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Windows 8 - Keyboard Shortcuts

Posted on July 05th, 2013 by Emily


Many people know there’s a few standard keyboard shortcuts for most applications out there. Ctrl+Z is Undo, Ctrl+C is Copy, Ctrl+V is Paste, Ctrl+P is Print, and so on. These are not a new invention, and have been around since Windows 95, and some since Windows 3.1. But did you know those kinds of shortcuts also exist inside Windows itself and not just in software like Word and Outlook?

With Windows 8, Microsoft added in some new functionality to the Windows key on the keyboard. Now you can use it in combination with letters or numbers in order to speed up regular tasks.

Here’s a few shortcuts added in Windows 8 we think are most useful:

(The “Charm” system is the term Microsoft uses for its inbuilt menus for Windows 8, that slide in from the sides of the screen and give you access to settings and controls.)

  • Windows + C – Brings up the basic Charms menu, as you would get if you moved your mouse to the top right corner of the screen.
  • Windows + I – This brings up the Charm for Settings to save you going through the Start Screen.
  • Windows + D – Shows the desktop. Pressing it again takes you back to whatever you were doing before.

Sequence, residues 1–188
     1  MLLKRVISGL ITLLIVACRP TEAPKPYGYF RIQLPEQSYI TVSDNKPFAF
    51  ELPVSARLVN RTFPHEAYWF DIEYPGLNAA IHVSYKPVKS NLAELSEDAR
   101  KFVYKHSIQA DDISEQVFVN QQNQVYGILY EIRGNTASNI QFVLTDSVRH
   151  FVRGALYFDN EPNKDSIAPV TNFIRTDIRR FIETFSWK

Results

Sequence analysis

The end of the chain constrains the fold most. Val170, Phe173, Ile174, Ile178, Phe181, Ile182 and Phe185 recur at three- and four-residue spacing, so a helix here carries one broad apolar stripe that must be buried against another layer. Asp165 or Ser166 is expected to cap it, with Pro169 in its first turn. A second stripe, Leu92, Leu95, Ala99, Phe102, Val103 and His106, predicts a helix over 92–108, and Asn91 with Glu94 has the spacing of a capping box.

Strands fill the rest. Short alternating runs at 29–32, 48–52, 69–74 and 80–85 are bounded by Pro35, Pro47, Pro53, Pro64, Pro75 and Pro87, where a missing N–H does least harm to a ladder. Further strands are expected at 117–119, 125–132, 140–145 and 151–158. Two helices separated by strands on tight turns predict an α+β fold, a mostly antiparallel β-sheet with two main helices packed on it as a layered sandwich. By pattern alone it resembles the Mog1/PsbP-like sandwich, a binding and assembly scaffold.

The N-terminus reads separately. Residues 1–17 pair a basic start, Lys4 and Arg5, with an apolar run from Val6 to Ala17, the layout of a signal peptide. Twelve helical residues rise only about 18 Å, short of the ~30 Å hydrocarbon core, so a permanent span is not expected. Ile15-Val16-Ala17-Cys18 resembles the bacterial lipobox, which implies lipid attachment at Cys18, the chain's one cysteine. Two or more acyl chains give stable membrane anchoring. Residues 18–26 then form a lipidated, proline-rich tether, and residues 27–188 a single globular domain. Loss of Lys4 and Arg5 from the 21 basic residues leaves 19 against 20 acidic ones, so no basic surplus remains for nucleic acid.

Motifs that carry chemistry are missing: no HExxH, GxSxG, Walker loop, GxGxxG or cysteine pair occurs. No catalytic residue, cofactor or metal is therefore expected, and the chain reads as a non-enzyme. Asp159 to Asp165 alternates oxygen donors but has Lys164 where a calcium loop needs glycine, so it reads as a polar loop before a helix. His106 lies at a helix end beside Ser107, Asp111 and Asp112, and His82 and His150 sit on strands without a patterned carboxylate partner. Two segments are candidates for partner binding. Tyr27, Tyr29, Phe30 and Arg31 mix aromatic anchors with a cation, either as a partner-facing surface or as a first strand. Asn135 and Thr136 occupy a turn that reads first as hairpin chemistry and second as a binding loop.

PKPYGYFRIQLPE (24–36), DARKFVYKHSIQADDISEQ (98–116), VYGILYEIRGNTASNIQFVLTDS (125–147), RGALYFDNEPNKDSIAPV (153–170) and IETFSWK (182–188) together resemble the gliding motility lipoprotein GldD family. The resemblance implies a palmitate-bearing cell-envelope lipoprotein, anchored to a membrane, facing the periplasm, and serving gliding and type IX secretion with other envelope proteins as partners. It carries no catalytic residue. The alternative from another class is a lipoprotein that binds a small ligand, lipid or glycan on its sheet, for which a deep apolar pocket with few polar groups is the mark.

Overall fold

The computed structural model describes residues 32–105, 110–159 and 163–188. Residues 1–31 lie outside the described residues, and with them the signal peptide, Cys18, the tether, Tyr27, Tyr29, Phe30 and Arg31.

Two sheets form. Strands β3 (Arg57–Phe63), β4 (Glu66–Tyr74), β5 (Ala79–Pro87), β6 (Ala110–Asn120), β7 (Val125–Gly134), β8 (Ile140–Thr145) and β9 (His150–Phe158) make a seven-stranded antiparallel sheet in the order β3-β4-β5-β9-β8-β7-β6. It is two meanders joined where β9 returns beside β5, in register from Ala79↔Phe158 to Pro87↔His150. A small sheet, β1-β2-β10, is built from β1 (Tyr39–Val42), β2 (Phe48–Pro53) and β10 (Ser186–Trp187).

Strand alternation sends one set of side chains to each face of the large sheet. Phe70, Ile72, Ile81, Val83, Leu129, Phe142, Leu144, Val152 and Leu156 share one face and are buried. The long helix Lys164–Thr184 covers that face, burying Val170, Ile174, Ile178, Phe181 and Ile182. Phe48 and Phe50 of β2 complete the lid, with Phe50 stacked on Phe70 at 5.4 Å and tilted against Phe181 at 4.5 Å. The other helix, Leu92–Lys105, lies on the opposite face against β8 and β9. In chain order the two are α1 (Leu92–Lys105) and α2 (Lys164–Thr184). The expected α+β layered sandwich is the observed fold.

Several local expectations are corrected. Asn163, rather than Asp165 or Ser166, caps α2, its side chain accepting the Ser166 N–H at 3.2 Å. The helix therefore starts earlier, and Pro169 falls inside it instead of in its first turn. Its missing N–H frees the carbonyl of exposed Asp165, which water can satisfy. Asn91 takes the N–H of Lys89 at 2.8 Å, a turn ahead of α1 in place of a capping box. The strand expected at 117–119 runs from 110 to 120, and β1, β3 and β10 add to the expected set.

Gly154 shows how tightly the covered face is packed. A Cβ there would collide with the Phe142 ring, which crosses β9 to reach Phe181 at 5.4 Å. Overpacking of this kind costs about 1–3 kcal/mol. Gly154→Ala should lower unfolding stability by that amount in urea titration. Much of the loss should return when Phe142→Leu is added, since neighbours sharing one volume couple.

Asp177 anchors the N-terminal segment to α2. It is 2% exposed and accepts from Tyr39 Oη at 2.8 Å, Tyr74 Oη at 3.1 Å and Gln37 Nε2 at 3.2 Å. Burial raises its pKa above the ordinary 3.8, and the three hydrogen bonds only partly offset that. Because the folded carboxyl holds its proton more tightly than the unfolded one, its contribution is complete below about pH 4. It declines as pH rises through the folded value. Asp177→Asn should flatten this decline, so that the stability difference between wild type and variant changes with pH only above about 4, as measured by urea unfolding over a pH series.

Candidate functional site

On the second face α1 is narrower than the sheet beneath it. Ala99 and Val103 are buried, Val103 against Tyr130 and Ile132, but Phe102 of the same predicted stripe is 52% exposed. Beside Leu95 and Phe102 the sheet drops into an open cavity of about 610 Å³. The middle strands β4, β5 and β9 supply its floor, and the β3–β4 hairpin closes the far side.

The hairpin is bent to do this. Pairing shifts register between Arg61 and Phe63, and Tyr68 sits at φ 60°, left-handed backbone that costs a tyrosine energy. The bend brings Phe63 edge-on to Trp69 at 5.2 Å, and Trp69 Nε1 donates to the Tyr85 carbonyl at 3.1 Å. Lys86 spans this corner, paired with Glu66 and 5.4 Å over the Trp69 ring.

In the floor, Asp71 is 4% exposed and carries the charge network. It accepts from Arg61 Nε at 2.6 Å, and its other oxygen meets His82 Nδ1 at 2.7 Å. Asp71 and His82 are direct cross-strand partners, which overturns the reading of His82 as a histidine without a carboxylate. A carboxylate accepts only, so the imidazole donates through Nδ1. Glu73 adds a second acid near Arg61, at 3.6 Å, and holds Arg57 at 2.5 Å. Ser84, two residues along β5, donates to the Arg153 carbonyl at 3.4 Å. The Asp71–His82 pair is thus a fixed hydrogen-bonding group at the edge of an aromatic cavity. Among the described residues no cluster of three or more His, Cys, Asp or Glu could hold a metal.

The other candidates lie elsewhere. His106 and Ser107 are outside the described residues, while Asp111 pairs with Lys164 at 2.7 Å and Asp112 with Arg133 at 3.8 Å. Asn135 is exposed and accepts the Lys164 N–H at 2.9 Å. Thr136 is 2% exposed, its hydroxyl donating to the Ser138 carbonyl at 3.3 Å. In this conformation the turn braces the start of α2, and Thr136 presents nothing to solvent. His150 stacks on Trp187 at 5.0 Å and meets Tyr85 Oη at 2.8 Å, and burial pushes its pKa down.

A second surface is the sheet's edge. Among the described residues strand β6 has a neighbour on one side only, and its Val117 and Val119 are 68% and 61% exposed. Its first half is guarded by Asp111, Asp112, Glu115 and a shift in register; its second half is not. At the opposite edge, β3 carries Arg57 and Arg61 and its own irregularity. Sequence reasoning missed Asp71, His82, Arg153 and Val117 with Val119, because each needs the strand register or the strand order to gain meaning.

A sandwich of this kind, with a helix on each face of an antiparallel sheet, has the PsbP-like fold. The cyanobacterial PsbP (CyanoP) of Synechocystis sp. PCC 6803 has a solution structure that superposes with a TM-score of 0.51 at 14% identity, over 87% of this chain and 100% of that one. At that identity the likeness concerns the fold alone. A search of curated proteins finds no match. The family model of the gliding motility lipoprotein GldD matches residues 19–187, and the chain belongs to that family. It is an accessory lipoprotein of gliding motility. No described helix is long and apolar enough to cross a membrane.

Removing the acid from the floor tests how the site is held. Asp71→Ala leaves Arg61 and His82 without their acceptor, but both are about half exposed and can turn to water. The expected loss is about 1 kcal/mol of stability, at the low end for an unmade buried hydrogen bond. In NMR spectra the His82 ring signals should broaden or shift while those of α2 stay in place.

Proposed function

• Windows + X – Brings up an advanced menu, providing quick access to things like Task Manager and Control Panel.
  • Windows + Start typing – This will search for apps installed on your computer that match your input. The results will appear on the left. Quick way to find a program without searching through menus, if you know its name. This isn’t actually new to Windows 8 either!
  • Windows + R – Brings up the Run dialog.
  • Windows + P – User-friendly display controls for multiple monitors.
  • Windows + F – Search your Files.
  • Windows + Q – Brings up the Apps screen.
  • Windows + 1-0 – Shortcut to open whatever apps you have pinned to the taskbar. For example, if Internet Explorer is the first pinned app on your taskbar, Windows + 1 will open it.